Reports published last week by KQED and The Mercury News on the arrest inside the school’s Dr. Martin Luther King Jr. Library, and Silva’s subsequent move to Los Gatos, troubled hundreds of residents, according to an informal poll posted to the Nextdoor website for the town.
“I just don’t feel safe having him on our police department,” said Jacqueline Mutz, a local part-time schoolteacher. “There are people that live in town that are mentally ill. They’re quiet. A lot of them sit there and talk to themselves, so who knows if there’s a potential situation?”
As of Tuesday morning, 498 residents had responded to an informal poll on Nextdoor. A large majority — 86% — of those respondents indicated Officer Silva’s actions during the incident on March 17, 2016, were concerning and that his hiring should be reviewed, while 14% indicated they agreed with the officer’s actions.
Town Manager Laurel Prevetti echoed the police chief’s perspective in an email, writing that “while the video is disturbing for some viewers to watch, throughout the encounter, the suspect was noncompliant and physically resisted efforts by the officer to place him under arrest, which led to the use of force incident.”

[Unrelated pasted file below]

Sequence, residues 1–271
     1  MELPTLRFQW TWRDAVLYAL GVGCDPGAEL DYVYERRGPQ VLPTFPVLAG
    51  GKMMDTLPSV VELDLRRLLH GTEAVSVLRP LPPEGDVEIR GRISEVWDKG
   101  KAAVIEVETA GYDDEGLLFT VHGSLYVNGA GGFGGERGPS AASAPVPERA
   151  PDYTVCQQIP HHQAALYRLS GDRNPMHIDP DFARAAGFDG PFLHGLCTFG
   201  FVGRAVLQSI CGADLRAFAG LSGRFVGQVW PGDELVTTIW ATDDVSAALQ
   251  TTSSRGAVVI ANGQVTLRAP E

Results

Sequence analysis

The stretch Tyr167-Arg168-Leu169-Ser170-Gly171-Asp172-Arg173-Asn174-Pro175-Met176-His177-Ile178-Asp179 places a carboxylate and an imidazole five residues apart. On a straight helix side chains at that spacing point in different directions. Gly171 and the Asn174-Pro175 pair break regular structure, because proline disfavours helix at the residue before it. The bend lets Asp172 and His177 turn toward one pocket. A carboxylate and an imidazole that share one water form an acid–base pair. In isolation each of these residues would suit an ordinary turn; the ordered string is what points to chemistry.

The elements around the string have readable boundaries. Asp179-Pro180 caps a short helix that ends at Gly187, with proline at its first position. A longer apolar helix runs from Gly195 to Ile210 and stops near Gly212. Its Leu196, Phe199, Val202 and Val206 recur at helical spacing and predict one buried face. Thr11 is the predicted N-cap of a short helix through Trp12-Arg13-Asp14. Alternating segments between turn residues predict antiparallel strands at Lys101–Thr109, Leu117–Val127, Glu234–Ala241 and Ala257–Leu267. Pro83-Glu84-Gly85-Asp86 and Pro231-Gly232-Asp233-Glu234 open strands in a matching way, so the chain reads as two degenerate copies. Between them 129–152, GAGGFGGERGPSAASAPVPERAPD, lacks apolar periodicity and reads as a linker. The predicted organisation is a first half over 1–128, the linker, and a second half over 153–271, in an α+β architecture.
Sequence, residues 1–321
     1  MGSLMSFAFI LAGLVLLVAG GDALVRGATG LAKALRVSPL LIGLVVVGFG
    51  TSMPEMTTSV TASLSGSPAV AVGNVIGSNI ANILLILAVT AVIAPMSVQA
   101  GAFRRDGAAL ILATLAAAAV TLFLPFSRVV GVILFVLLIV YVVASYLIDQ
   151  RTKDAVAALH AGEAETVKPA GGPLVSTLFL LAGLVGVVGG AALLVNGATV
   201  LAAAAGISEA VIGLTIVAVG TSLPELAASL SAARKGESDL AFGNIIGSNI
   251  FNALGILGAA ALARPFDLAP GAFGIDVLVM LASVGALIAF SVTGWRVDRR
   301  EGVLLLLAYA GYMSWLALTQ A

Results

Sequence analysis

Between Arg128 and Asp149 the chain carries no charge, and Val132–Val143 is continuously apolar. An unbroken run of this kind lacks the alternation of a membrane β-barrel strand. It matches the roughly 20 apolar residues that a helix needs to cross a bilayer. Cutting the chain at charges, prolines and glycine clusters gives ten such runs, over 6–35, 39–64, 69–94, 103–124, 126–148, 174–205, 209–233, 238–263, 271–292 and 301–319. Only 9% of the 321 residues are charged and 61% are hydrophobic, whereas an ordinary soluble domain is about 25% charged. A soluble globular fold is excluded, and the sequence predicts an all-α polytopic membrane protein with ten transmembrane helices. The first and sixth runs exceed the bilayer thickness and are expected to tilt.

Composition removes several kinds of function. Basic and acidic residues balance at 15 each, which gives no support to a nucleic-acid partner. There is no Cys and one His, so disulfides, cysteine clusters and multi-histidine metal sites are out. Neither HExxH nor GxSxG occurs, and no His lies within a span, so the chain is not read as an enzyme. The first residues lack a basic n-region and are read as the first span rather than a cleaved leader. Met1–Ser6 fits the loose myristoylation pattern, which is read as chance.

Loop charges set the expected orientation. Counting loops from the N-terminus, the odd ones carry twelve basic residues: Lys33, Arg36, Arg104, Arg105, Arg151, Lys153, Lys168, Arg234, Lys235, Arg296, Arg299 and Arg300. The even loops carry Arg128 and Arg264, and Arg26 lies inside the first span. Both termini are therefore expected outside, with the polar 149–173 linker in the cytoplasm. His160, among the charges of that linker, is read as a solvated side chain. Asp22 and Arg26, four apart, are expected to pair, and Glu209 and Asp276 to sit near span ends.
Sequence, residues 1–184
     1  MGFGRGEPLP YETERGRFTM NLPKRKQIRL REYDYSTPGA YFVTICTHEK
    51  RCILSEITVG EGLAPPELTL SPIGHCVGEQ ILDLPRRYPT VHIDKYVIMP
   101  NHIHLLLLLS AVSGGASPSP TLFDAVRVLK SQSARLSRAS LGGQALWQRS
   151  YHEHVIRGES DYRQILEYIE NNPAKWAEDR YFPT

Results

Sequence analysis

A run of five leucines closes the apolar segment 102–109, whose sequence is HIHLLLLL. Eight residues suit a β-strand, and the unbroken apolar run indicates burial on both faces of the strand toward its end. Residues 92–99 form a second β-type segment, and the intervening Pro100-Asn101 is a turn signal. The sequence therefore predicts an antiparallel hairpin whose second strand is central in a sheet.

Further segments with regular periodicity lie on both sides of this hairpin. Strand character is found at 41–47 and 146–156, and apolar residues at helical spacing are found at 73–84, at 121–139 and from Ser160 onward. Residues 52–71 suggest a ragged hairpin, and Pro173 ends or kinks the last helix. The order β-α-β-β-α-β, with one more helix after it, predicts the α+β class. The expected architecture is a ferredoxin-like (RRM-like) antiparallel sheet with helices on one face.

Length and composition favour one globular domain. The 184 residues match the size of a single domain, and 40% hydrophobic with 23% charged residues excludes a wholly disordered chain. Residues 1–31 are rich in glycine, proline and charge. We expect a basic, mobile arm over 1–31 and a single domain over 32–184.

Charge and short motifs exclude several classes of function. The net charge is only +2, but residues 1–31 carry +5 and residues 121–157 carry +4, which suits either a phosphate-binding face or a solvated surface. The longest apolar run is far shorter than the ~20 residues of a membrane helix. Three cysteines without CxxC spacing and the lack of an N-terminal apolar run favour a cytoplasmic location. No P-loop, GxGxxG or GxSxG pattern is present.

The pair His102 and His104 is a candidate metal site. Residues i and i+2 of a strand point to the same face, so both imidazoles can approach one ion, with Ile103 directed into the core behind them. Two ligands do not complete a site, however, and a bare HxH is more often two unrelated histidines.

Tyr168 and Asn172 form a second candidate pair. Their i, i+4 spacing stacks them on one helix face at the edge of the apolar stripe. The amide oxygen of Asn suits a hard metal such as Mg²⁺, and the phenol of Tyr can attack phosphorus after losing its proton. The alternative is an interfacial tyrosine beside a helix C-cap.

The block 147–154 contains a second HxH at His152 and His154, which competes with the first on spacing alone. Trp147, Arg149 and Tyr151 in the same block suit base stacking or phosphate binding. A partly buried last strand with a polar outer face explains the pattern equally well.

Warning, this video contains graphic imagery and language.
She also referred to Decena’s statement defending Silva’s hiring, which was issued after the San Jose State University incident was revealed in a trove of documents and police body-camera videos released in accordance with Senate Bill 1421, the state’s new police transparency law. The chief’s statement said Silva was subjected to “a thorough background investigation, including a polygraph examination and psychological screening.”
For its part, the California State University system strongly objected to Silva's reinstatement, arguing that the library arrest was an "egregious example of excessive force."
Prevetti added, “Once hired, the town continues to invest in training, particularly in critical incidents, de-escalation, and sensitivity to persons in crisis. All personnel are held to high standards during their careers with the town.”
Los Gatos’ mayor and vice mayor did not respond to requests for comment.
The poll’s creator, 15-year Los Gatos resident Vlado Herman, said he has not had any problems with the Police Department but thought Silva’s hiring was worth learning more about. He was surprised by the poll results.
“I was expecting it to be 50-50,” Herman said. “There are people with opinions on both sides, but most of the people want more answers about this.”
He agrees that the poll is not scientific, but he also said the hundreds of responses from voters are worth acknowledging with a more robust public response.